Just how long it takes to qualify for a regular card will vary. Cole says many banks will offer a semisecured customer a regular card after six months of timely payments. If it takes longer than that, ask if you’re eligible to move up. Other credit card companies may require a longer waiting period, but the longer they take, the better the chance that you’ll receive other offers.
“Since activity is being reported to the credit bureaus, other card issuers will also see that Sally Smith is building a solid credit history,” says Kevin Weeks, president of the Financial Counseling Association of America (and a weekly columnist for CreditCards.com). “If they don’t eventually offer her a regular card, she could be offered a card by another bank.”
Caveats and considerations
Semisecured cards can be a little tricky to find. They are not terribly common, so you may need to call various card issuers to see if they offer them.
If need be, stick to your guns when inquiring about a partially secured card. For instance, despite its name, Capital One’s Secured MasterCard is also available as a partially secured product. That can lead to some confusion: A Capital One phone representative repeatedly insisted the company offered no partially secured products.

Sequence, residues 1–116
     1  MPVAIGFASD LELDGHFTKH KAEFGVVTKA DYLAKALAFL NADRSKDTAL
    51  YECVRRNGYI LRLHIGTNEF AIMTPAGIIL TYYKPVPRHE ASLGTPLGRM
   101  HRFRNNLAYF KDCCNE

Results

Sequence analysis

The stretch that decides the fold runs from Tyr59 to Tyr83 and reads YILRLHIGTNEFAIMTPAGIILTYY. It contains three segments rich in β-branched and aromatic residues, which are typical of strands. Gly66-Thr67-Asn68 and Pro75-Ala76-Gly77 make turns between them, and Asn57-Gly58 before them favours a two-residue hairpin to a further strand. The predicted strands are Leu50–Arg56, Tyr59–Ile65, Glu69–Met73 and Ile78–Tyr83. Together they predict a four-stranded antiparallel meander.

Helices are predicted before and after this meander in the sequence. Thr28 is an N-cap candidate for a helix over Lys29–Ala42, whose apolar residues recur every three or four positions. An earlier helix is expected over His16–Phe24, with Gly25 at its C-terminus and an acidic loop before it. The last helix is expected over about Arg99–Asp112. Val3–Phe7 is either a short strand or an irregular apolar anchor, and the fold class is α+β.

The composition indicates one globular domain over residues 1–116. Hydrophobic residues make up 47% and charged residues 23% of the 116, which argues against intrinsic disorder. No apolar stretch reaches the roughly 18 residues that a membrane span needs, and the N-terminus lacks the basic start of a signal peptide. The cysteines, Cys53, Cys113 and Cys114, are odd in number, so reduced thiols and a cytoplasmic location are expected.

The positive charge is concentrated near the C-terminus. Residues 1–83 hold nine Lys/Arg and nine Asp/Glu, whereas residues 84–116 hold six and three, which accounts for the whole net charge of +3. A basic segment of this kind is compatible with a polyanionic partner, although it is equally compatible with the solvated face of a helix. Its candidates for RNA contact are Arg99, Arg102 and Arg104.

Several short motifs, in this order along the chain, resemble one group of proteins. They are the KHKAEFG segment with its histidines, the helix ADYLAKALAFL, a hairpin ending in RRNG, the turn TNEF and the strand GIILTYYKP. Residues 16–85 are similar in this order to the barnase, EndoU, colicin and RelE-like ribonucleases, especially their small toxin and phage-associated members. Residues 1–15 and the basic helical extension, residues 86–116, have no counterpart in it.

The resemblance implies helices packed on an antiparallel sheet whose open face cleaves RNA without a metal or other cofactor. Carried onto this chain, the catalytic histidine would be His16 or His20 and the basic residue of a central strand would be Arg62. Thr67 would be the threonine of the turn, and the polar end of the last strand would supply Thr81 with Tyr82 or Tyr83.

When shopping for a semisecured card, be sure to pay attention to the APR. Although interest rates on most semisecured credit cards are likely to be steep (expect rates beyond 20 percent), shop thoroughly, as rates will differ. For instance, BankAmericard Secured Visa (another card that, despite its name, is available as a semisecured card) carries a 20.24 percent APR, while Capital One Secured MasterCard ramps up to 26.99 percent.
“Search for cards that offer the lowest interest rates possible and low annual fees,” says Hersh Shefrin, behavioral finance professor at Santa Clara University. “There are plenty of unscrupulous lenders seeking to exploit people with bad credit.”
A couple of years ago, an entity known as AmTrade International Bank solicited consumers with semisecured credit card deals. Consumers were asked to mail in up to $900 to obtain a semisecured card with which to rebuild credit. The checks were cashed but victims never received any card in return. The takeaway: Stick with well-known, established companies.
Weeks urges consumers to find cards that offer the most generous credit limits with the smallest required security deposit. Additionally, make certain that your deposit earns interest. Fully secured cards’ security deposits rarely collect any interest, but semisecured deposits often do.
Bear in mind, too, that responsible use may lead to an unsecured card, but it likely will come with a low credit limit. But, as Weeks points out, “their limit will increase over time as the holder continues to show timely payments each month.”
Lastly, make certain you understand the issuer’s policy with regard to missed payments. In other words, if you fail to pay on time, how quickly will the issuer grab your deposit and close your account?
“Some creditors may close the account right away with just one missed payment,” says Weeks. “And, on top of that, missing a payment defeats the whole purpose of why you have one of these cards in the first place.”